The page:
I was browsing low power news the other day, and came across an interesting announcement from AMD regarding some new processors being released. http://news.cnet.com/8301-1001_3-10149696-92.html.
These are follow up processors to their Shanghai core series. AMD has released both an energy efficient HE, and a high performance SE. These are AMD's entry into the quad core market, designed to compete directly with Intel's Xeon processor.
What I really found interesting was a mention of a new way of measuring power - Average CPU Power (ACP). The link to the white paper is: http://multicore.amd.com/resources/43761C_ACP_WP.pdf
Basically, ACP is measuring the power while running representative applications. The white paper specifically talks about the danger of looking only at peak power. From the story:
"It is of little value to measure power consumption by only looking at the spec sheets for different components, adding the totals together, because these generally only report the maximum power consumption. This scenario is like the car with a speedometer that tells you the maximum speed is 150MPH it's a maximum reading but it doesn't reflect daily usage."
This is the same problem many of my customers are also facing - how can they accurately determine the peak power of their chips while they can still impact the design? The old method of estimating switching activity just doesn't cut it. What I suspect really happens is that designers pad the estimate, leading to increased package and system cost.
"By utilizing ACP, customers can make a more educated estimate of their true power consumption. TDP, representing the thermal design power, is a rudimentary indicator of consumption, and may leave customers overestimating their data center infrastructure needs. In doing this, customers can potentially waste valuable data center space, resulting in un-optimized data centers that cost companies real dollars through their inefficiency."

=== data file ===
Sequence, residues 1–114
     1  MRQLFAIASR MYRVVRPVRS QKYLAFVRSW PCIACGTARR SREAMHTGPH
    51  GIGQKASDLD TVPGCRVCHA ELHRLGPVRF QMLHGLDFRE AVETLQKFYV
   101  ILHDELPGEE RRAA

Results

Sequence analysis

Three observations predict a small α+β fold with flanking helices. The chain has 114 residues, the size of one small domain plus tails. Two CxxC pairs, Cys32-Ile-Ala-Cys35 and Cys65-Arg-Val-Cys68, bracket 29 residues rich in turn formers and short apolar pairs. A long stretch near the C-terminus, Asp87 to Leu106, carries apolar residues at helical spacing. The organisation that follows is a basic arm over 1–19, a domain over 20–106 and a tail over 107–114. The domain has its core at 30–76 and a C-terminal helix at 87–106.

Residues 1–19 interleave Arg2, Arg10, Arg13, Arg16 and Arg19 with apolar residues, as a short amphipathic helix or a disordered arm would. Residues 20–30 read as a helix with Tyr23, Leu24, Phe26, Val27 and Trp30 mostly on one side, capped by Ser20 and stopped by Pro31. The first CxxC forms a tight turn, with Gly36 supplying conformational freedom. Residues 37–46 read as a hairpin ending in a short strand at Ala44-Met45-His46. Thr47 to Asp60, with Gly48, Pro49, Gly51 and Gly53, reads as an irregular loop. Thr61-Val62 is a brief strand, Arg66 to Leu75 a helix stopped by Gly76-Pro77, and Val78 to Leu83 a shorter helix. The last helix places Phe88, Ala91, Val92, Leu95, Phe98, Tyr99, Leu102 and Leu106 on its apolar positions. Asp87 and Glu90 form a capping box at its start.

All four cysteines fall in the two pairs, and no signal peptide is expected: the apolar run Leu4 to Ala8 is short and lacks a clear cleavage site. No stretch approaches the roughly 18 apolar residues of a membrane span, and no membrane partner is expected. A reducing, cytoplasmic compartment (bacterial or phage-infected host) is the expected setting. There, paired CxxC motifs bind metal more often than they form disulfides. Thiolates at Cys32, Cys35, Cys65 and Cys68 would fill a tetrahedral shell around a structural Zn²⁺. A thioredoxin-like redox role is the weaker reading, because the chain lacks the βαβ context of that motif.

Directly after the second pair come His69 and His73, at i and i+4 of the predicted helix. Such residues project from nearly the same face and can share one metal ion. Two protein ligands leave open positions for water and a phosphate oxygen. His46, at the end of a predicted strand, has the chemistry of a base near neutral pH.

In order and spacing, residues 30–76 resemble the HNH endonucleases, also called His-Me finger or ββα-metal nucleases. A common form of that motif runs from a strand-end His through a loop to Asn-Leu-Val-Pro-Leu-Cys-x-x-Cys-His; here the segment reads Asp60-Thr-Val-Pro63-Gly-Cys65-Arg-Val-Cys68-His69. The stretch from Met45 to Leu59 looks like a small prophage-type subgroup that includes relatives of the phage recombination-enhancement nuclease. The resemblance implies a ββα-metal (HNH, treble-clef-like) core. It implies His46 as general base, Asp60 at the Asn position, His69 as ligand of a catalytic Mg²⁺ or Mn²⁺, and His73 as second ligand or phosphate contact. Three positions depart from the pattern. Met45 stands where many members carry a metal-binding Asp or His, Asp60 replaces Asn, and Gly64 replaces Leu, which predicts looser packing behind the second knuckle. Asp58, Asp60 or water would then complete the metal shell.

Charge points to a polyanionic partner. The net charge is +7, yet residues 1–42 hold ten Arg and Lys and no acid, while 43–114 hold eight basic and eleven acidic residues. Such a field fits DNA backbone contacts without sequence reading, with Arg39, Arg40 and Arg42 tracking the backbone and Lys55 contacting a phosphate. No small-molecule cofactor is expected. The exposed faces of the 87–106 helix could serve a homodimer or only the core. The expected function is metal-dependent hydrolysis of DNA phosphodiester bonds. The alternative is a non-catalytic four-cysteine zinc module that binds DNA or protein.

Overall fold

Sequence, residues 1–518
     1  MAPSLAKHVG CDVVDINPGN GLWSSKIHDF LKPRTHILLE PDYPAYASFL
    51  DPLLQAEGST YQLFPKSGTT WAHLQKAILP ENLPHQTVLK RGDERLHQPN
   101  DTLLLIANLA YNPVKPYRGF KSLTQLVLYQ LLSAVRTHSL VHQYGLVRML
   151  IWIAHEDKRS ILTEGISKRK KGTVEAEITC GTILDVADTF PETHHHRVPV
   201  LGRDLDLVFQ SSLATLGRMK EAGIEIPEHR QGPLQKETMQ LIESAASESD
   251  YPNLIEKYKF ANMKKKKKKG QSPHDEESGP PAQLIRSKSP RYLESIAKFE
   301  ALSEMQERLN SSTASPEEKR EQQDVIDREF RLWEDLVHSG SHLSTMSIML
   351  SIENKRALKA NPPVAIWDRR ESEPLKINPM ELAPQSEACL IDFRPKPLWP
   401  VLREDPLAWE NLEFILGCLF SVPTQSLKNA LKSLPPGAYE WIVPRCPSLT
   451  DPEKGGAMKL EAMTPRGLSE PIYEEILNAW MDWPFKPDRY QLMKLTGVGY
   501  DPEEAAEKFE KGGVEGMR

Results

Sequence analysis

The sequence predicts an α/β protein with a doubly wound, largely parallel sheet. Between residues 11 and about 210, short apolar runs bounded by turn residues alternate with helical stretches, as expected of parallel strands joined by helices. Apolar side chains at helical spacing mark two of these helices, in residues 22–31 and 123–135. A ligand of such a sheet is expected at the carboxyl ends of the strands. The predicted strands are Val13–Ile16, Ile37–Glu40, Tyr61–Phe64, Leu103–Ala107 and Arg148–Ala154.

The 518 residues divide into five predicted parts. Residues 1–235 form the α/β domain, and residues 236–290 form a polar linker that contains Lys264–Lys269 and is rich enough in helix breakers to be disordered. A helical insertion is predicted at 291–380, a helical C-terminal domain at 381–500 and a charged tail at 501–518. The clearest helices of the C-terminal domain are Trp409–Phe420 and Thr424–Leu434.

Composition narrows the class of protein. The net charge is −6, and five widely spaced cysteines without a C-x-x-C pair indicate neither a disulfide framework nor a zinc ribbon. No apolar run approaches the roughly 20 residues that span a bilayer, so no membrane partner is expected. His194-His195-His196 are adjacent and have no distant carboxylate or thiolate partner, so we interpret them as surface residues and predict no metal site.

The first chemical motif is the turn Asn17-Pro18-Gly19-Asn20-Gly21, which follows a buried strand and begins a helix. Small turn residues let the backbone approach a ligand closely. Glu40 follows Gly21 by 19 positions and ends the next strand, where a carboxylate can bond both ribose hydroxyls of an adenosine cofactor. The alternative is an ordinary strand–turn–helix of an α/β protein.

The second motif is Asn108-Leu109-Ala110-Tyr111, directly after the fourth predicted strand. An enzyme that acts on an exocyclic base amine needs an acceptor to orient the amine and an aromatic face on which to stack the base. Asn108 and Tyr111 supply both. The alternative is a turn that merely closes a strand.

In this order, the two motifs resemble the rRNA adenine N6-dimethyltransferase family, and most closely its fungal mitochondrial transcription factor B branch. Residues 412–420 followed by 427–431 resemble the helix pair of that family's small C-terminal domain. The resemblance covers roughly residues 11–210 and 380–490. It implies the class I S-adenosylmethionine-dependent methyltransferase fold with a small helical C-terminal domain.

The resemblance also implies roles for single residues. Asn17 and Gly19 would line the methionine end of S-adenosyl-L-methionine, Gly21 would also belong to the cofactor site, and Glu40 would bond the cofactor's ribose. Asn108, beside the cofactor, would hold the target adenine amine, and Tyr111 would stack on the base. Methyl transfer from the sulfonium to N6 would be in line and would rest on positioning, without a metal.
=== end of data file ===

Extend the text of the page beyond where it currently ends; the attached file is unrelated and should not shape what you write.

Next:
AMD ran tests using a series of industry applications, and determined that the ACP reports are 23% to 34% less than the theoretical peak. So using this measurement can save a considerable amount of cost in building data centers.
Ok - that works for a server farm, but what about for a chip? How can you tell what is really running on a chip prior to tapeout, and how it affects power? Well, Cadence has had a solution for verifying actual operation for a long time - Palladium. And now we've enhanced it to perform Dynamic Power Analysis (DPA). This is up for EDN’s Innovation Award. The key thing is that this is not just counting activity - instead it is using RTL Compiler's power analysis capabilities to accurately capture the areas of peak power. Once identified, the design team can do something about it – maybe balance the load, maybe look at lowering the voltage. By having this knowledge before tapeout, the design team has been empowered to improve their chip's power profile (or ACP).
"AMD believes that ACP is a better way of thinking about typical CPU power that more accurately reflects the power consumption levels that customers can see in real life environments"
I couldn't agree more - measure the real power so you can take real actions.
ps: C-to-Silicon is also up for an EDN Innovation Award. I'll talk about ESL and power architecture selections in a future post.